Whether you’re a first-time dog owner or a seasoned one, a puppy’s behavior can test your patience: exuberant bounding; jumping, licking and nipping; the stolen socks and chewed-on shoes; and best of all, misinterpreting “Come here!” as “Run!”
This may be cute at first, but as your puppy grows, many of these behaviors become a nuisance and possibly dangerous for both you and your dog. Dog obedience training can curb bad behavior. Teaching your dog that you’re in charge could potentially protect him from harm–such as running into the street. It takes a lot of patience to train your pet, whether he’s a puppy or a mature dog. But it’s possible , no matter what his age. Here are some keep things you’ll want your dog to learn.
Consistency, Consistency, Consistency
- You can begin working with your dog when he is 7-8 weeks old. Some tips to keep in mind along the way are:
- Use a specific word for each command, and say it in the same tone. For instance, make sure everyone in your home knows that when you want him to sit, you say “Sit”–so your husband won’t say, “Sit down,” and your child, “Butt on the floor!”
- Pick a certain training method and stick with it. Offer a command, such as “Sit”, once once, or else your dog will think he doesn’t have to sit untile you’ve repeated it 35 times.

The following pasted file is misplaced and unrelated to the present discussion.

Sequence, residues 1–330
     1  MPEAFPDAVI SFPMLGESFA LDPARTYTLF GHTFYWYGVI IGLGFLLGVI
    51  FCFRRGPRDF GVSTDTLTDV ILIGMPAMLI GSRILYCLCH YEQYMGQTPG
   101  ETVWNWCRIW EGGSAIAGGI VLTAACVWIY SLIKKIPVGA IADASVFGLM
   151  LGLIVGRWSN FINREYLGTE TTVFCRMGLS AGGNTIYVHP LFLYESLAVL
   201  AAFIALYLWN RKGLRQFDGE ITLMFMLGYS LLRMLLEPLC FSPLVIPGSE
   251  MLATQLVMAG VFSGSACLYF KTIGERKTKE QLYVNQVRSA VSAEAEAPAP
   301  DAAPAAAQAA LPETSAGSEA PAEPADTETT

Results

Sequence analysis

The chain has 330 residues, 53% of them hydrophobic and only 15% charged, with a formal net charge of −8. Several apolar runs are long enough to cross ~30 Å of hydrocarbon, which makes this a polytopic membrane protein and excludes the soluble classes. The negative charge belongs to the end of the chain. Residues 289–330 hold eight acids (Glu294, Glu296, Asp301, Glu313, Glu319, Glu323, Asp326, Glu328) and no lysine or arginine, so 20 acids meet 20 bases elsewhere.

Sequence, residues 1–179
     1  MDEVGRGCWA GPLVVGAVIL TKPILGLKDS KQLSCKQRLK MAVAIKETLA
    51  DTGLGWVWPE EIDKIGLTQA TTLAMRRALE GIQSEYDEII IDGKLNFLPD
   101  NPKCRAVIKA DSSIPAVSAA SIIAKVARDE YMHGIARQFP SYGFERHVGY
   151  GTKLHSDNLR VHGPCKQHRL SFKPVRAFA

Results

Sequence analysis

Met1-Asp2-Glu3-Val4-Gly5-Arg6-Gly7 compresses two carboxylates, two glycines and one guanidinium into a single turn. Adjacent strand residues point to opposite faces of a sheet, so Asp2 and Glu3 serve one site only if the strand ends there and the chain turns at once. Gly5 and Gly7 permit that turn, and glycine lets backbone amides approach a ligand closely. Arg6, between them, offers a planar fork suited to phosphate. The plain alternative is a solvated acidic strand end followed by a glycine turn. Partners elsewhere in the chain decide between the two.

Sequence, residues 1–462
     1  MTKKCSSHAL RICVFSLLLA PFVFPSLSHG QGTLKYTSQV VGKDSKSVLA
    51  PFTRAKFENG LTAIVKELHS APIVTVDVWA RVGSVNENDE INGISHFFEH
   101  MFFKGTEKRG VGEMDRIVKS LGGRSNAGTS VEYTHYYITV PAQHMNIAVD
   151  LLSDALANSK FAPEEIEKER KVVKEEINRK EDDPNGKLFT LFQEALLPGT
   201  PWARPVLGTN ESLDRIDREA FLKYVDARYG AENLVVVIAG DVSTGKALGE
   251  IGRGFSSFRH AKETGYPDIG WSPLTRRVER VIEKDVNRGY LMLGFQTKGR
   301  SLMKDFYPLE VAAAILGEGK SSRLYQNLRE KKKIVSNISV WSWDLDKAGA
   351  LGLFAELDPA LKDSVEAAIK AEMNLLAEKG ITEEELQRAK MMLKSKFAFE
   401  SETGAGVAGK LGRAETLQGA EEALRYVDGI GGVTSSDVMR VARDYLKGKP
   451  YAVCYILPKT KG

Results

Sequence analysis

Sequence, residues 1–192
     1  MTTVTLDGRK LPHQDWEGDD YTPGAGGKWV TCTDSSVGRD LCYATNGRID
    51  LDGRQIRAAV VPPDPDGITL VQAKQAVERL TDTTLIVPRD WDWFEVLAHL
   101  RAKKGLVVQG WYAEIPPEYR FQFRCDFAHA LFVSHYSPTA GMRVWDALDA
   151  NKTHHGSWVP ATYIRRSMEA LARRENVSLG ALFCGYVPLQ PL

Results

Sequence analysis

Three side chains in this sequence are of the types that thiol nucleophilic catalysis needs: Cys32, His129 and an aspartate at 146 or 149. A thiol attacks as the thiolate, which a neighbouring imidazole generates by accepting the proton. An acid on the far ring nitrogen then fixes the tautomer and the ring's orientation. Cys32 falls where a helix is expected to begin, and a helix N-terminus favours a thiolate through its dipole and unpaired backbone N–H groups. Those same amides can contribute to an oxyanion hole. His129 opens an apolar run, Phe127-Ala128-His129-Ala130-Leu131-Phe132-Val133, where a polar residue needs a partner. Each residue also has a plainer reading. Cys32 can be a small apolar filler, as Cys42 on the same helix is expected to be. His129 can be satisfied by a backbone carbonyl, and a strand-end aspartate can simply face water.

- Limit your training sessions to 10 or 15 minutes per day.
- Always be in control. It will be counterproductive if you lose your patience or become angry. Your dog is trying to please you but won’t always understand what you want him to do right away.
- Don’t over-praise. A “good dog,” small treat or pat is perfect. Too much praise is overkill and distracts from your message.
- End your training session on a positive note. Have your dog obey a command he knows, then praise him.
Basic Commands: Come, Sit, Stay, Down, Heel
If your dog learns there commands, he will be a much more enjoyable member of your household. This will also help develop your dog’s social skills where there are guests at the house.
Teaching Old Dogs New Tricks
Older dogs are still interested in doing new things. Take into consideration and physical limitations they might have, depending upon their age and health. Older dogs are generally more challenging to train because they have established behaviors. Being consistent and patient with older dogs is perhaps even more important than with training puppies. While an older dog’s attention span is a bit longer, it will serve you both best to conduct training sessions in short spans. Don’t rely to heavily on treats as rewards. Older dogs can be less active and can have trouble shedding extra pounds.
Don’t Give Up
Training and behavior problems can be incredibly frustrating. Never hit or scream at your dog or he will become fearful of you. Certain things–such as growling, baring teeth or biting–should never be permitted. Contact your veterinarian immediately if your dog exhibits these dangerous behaviors.
Remember that a well-trained dog is a joy to have in the family. A dog that knows what’s expected of him is a happy, confident one. The effort you both put in is worth it.